Guest Bite – Artichoke Lasagna

by BiteSizedJonathan on March 7, 2012

This bite was contributed by our friend Alexis Delaney.

A few years ago I was fortunate to meet and befriend Jessica while we were both working at Mas (farmhouse). When it finally came time for me to leave the restaurant, I resolved to go to Italy. I had always wanted to live abroad, loved Italian food, and was incredibly intrigued by a project started by my personal hero Alice Waters at the American Academy in Rome. As the date approached, however, I became more and more nervous. Leaving Mas and my close network of friends in New York seemed daunting. Jessica was incredibly supportive and, having lived in Rome herself during college, assured me I would fall in love with the city, the people and the food. She was right, of course.

This bite is inspired by my time in Rome – in fact it is what we made for dinner my first day at the Academy. The lasagna’s main ingredients, artichokes and bitter greens, are key Roman winter vegetables. It is tied together by a bechamel sauce that is blended with sauteed artichoke stems (for extra artichoke flavor), as well as grana and pecorino cheeses. This tiny lasagna is special and unique thanks to a Ligurian corzetti stamp, which I used to create the pasta layers. I had seen (and coveted) these wooded embossed stamps at the Academy, and later found one in a kitchen store just blocks from Jessica’s old apartment in the Prati district of Rome. It was a perfect gift and I couldn’t wait to come back and make pasta with her.

For the Spinach Pasta Dough:
500 g. 00 flour
250 g. AP flour
250 g. semolina flour
Pinch of salt
5 whole eggs
7 egg yolks
1/3 c. wilted spinach

 Process: 
Heat 1/2″ of salted water in a wide sauce pan. When the water has reached a boil add 2 bunches of de-stemmed spinach and stir until it is uniformly wilted. Remove from pan and allow to  cool. Blend 1/3 c. spinach with the whole eggs and egg yolks. Reserve the remaining spinach for the lasagna’s layers (this should be wrung out it a dish towel and chopped coarsely). Slowly add the flours and salt to the spinach and eggs until you have a cohesive, non-sticky dough. Start to knead the mixture adding additional flour if the dough needs it. It is much easier to add more flour than to add more water so keep that in mind. Work the dough for about 20 minutes. Test it’s elasticity by prodding it with a finger. If it springs back quickly, then its time for it to rest. Do this at room temperature for at least an hour.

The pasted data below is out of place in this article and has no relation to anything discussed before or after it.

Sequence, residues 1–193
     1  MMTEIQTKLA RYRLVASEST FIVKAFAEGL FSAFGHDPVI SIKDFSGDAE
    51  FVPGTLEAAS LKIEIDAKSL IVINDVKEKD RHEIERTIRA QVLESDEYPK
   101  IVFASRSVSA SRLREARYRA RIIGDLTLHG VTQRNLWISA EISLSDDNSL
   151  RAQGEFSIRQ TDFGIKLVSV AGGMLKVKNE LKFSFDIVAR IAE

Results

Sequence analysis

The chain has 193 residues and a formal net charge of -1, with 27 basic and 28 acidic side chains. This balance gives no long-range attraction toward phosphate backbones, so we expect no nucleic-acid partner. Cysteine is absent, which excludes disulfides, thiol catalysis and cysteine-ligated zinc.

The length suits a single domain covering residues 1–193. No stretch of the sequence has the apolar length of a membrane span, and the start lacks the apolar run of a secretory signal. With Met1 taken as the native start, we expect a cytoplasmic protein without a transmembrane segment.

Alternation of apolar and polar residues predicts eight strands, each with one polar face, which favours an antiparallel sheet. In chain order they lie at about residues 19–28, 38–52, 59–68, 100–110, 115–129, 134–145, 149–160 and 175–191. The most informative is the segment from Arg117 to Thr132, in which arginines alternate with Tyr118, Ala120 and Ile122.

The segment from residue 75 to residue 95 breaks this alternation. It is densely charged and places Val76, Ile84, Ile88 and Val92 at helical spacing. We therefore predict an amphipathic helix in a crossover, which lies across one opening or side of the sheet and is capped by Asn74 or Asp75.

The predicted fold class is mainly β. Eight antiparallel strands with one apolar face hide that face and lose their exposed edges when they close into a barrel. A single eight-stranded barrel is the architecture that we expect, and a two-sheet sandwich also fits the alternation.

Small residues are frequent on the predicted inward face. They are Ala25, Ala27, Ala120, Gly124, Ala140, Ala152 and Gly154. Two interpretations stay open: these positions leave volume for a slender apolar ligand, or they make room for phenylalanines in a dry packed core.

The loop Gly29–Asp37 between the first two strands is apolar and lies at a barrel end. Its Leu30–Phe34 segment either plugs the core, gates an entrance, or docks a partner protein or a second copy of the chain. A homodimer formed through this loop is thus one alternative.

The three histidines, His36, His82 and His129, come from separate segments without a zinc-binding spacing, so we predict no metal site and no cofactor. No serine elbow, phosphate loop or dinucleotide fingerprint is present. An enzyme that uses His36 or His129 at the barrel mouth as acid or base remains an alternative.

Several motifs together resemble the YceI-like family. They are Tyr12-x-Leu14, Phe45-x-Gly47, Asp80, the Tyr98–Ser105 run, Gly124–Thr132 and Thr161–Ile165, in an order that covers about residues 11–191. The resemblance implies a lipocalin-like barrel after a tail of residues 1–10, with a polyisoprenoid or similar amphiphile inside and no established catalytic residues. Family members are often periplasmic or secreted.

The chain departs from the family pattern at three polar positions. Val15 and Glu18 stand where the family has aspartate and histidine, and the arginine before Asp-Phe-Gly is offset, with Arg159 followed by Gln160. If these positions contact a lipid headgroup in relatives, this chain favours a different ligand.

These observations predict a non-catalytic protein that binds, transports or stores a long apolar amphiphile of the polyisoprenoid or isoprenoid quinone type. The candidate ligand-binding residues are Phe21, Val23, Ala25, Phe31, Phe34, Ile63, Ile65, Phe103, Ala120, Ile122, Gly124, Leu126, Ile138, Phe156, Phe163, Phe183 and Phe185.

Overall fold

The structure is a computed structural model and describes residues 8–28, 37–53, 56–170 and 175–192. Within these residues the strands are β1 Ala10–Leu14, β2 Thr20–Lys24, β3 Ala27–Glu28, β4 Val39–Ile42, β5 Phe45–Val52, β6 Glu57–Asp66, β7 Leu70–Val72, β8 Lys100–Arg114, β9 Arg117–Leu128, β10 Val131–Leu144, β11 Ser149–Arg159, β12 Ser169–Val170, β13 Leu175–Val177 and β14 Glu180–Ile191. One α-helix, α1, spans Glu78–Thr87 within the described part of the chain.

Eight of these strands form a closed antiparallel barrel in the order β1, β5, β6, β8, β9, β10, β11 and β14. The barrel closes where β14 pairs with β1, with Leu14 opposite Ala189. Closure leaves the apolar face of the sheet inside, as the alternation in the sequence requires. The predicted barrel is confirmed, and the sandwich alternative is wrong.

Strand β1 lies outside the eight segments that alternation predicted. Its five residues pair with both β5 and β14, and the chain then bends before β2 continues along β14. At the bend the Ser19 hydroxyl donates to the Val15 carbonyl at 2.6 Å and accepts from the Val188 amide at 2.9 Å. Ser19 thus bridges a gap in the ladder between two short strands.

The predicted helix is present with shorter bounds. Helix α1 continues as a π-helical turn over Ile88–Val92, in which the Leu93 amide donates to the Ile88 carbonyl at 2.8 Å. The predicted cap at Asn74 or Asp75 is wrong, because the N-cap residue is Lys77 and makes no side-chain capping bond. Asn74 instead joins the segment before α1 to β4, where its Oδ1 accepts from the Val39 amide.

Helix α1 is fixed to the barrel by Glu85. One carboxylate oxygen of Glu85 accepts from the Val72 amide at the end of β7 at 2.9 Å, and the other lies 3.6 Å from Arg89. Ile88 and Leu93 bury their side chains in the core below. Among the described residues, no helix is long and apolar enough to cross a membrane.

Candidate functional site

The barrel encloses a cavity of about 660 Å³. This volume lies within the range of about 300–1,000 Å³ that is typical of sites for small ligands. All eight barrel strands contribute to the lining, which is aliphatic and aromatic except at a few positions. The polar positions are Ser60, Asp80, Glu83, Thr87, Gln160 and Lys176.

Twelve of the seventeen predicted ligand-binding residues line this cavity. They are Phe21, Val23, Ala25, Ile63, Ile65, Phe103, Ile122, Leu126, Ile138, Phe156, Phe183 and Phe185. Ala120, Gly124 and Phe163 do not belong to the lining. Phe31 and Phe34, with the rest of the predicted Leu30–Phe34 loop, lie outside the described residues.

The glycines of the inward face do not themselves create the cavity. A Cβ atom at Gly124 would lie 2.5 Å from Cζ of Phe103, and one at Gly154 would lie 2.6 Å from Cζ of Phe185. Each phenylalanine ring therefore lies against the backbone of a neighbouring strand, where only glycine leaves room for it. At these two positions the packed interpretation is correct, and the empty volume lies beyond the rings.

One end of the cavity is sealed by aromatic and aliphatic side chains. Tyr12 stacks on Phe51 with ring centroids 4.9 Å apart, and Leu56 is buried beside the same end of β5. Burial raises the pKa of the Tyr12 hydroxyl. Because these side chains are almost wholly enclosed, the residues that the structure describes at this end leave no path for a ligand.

For the Artichokes:
8 artichokes
1 clove garlic, chopped
2 tsp. chopped thyme
2 Tbs. chopped parsley
4 Tbs. olive oil
Water
Salt

Pare the artichokes down to the heart by removing leaves around the stem and base. With a sharp knife cut away the top of the artichoke to about 1″ from the base. Remove the stem and set it aside. With a small knife, pare away all the dark green from the base. Cut the heart in half and scoop out the choke with a spoon. Place the cleaned artichoke in acidulated water. To peel the stem, make an incision 1/4″ below the tip and peel back the fibrous parts with your knife. Thinly slice the artichokes and place in a pan nearly covered with salted water and a few glugs of olive oil. Bring this to a boil, reduce to a simmer, and cook until the artichokes are tender and the water has evaporated. Create a well in the center of the pan and add the chopped garlic and herbs. Briefly saute and remove from the heat.

For the Bechamel:
4 Tbs. Butter
4 Tbs. Flour
4 c. milk
1/4 c. picked parsley
Sauteed artichoke stems
Salt and Pepper
Process: 
Start the bechamel as you normally would, with flour and butter. Whisk until the raw taste of the flour is cooked off, then slowly add your hot milk, whisking all the while. Season with salt and pepper and add parsley and artichoke stems. Blend using a hand blender and keep warm, but not too hot.

For the Corzetti:
Roll out the pasta using a machine. Start on the widest setting. Fold the pasta in thirds and pass it through the machine again. Repeat this several times, it redevelops the gluten and creates silky pasta sheets. Roll out the dough, decreasing one setting at a time, to the desired thickness (I stopped at the second to last setting). Cut out pasta circles using a corzetti stamp or more likely a pastry cutter or inverted shot glass. Dust with semolina flour and keep in a single layer to avoid sticking. Blanch the corzetti in boiling salted water and remove to an ice bath.

For the bite:
Grease a baking pan with olive oil and put down a corzetti. Spread a spoonful of bechamel, followed by a layer of spinach, and a layer of grated grana and pecorino cheeses. Top with another pasta coin. Spread with more bechamel, a layer of artichokes, and more cheese. Complete another layer with bechamel, spinach, and cheese. The bite will be four pasta coins tall with the final one topped with the sauce and more cheese. Bake in a 425 degree oven until lightly brown. Consume with friends and wine!!!






Alexis is the meat cook at Mas (la grillade), my co-worker and dear friend. Her skillful cooking, love of everything Italian and endless creativity with food are just a few reasons we have bonded over the years. We are excited to share Alexis’ recipe on BiteSized, and even more excited to continue to cook with her and eat her wonderful meals for years to come.

{ 3 comments… read them below or add one }

Sarah March 7, 2012 at 11:42 pm

Oh man, this looks delicious! All of my favorite things in one bite! Thanks for the recipe.

Amanda March 8, 2012 at 2:32 am

These look excellent! I love the recipe, the photos and the whole look and feel of the blog.

BiteSizedJessica March 20, 2012 at 9:47 am

Thanks Amanda! Thank you for checking out BiteSized.

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